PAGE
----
Last fall, I was walking with a friend on the expansive brilliantly white patio outside the Kennedy Center in Washington, DC.
It was a hot day, and when my friend needed to take a call, I snuck out of the sun to stand under the large flat roof of the building in the shade, next to the cool marble walls. The building is huge, a true monolith, and as I was looking up at the architecture, one of the many quotes they have engraved on the Kennedy Center’s walls caught my eye:
“This country cannot afford to be materially rich but spiritually poor.”
This quote, spoken by John F. Kennedy during his State of the Union address in 1963, stuck in my head (and has been percolating in there for all of these months) in large part because I was struck by the fact that this particular sentence, at least verbally, has nothing to do with the arts. It mentions art not at all. Instead, it has to do with the spirit, the health of which is, generally speaking, thought to be in the hands of the church.
Of course, we compare ourselves to church all the time (there was a whole conference on it)—and every once in a while, there’s a real backlash against comparing ourselves to church—as indeed Ben Cameron did during his speech at Americans for the Arts, where he brought up that theatres, like churches, are trying to mediate a relationship in an age of disintermediation. I’ve been on the fence on the church metaphor, though I have previously written about an experience of mine at church as a way into talking about the power of the arts, but with all the writing I did last week about the fall of the middle man, I’ve been thinking about it more.
Recently, I was invited to sit down and speak with the leaders of 25 or so of the country’s best professional choruses. It was an intimate round table at the Chorus America conference, and we were meant to be discussing the two topics that take up most of my time now: impact and excellence. After doing a PowerPoint-free variation on my intrinsic impact presentation, my co-presenter and I opened it up engaged in what I felt was an extremely electrifying conversation with these leaders about the power and purpose of their art. The confrontational leaders said things like, “We don’t need to measure excellence or impact—we are who we are, and run the organizations that we run, because we are the best of the best, and so are already excellent.” The skeptics, by and large, were silent for much of it. And in the middle, about ten of the people in the room got into a detailed conversation about the peculiar power of live chorus music to engage in diverse audiences a strong and nonspecific “lift,” something that one of the people in the room described this way:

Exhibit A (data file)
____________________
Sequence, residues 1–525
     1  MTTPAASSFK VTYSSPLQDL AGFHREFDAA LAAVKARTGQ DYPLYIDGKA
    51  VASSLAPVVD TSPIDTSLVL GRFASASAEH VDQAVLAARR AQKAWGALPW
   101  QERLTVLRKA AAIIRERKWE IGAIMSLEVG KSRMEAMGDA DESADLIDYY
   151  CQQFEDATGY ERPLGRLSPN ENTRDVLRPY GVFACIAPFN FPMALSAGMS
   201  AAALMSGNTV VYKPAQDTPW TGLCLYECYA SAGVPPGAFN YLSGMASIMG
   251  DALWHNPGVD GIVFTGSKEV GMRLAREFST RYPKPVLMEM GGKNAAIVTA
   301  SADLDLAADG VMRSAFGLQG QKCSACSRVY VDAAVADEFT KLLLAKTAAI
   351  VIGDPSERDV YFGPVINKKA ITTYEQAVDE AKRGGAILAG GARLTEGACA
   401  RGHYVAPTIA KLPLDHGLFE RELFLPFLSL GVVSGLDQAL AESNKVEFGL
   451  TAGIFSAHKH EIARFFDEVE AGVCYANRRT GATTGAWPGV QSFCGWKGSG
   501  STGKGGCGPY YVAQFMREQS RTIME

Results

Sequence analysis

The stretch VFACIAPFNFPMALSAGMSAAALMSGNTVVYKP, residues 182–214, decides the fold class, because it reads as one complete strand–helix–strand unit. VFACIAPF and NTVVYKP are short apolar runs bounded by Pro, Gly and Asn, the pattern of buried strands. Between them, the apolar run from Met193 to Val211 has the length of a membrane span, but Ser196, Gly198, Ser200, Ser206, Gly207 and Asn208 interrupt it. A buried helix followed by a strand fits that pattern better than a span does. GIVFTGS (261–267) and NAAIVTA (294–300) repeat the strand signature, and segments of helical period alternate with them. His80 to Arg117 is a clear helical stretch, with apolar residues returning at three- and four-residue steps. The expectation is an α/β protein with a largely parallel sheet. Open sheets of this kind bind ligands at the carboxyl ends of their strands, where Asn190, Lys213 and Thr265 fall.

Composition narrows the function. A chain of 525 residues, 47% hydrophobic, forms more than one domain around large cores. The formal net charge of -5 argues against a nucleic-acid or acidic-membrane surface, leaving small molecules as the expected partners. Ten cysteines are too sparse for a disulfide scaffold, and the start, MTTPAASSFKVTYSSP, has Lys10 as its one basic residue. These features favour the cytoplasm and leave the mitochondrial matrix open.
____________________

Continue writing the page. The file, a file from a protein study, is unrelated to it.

“My goal is to make the guy in the trucker hat in the back of the room come down at the end of the show and tell me, with surprise, ‘I…liked it. I really liked it. I don’t know why…but I liked it.’”
Another leader put it this way:
“I think when we’re doing what we do well, we stop existing for the people listening. They’re not seeing an individual singer; they’re not even seeing the whole group of singers. We all just blur and disappear, and the song emerges out of us like a bright light, and it washes over the audience and they get lost in it. There are no singers, when we’re doing well, there’s just the audience and the art. And when it’s over, they may not know why, but they’ll leave and say, ‘Hmm, I really enjoyed that. That was really good.’”
There are no people, when we’re doing well, there’s just the audience and the art.
At their best, the facilitators of both religion and art just get out of the way. When that can happen, whether it’s on an organizational level or at the individual level, then a lot of barriers fall and the “spiritual” that Kennedy was talking about comes into play. In church, of course, this is called “communion,” which Merriam-Webster defines as “an act or instance of sharing,” and which Oxford English Dictionary more flowerily defines as “common participation in a mental or emotional experience.” In this way, at least, the arts and the church are both aiming for the same thing.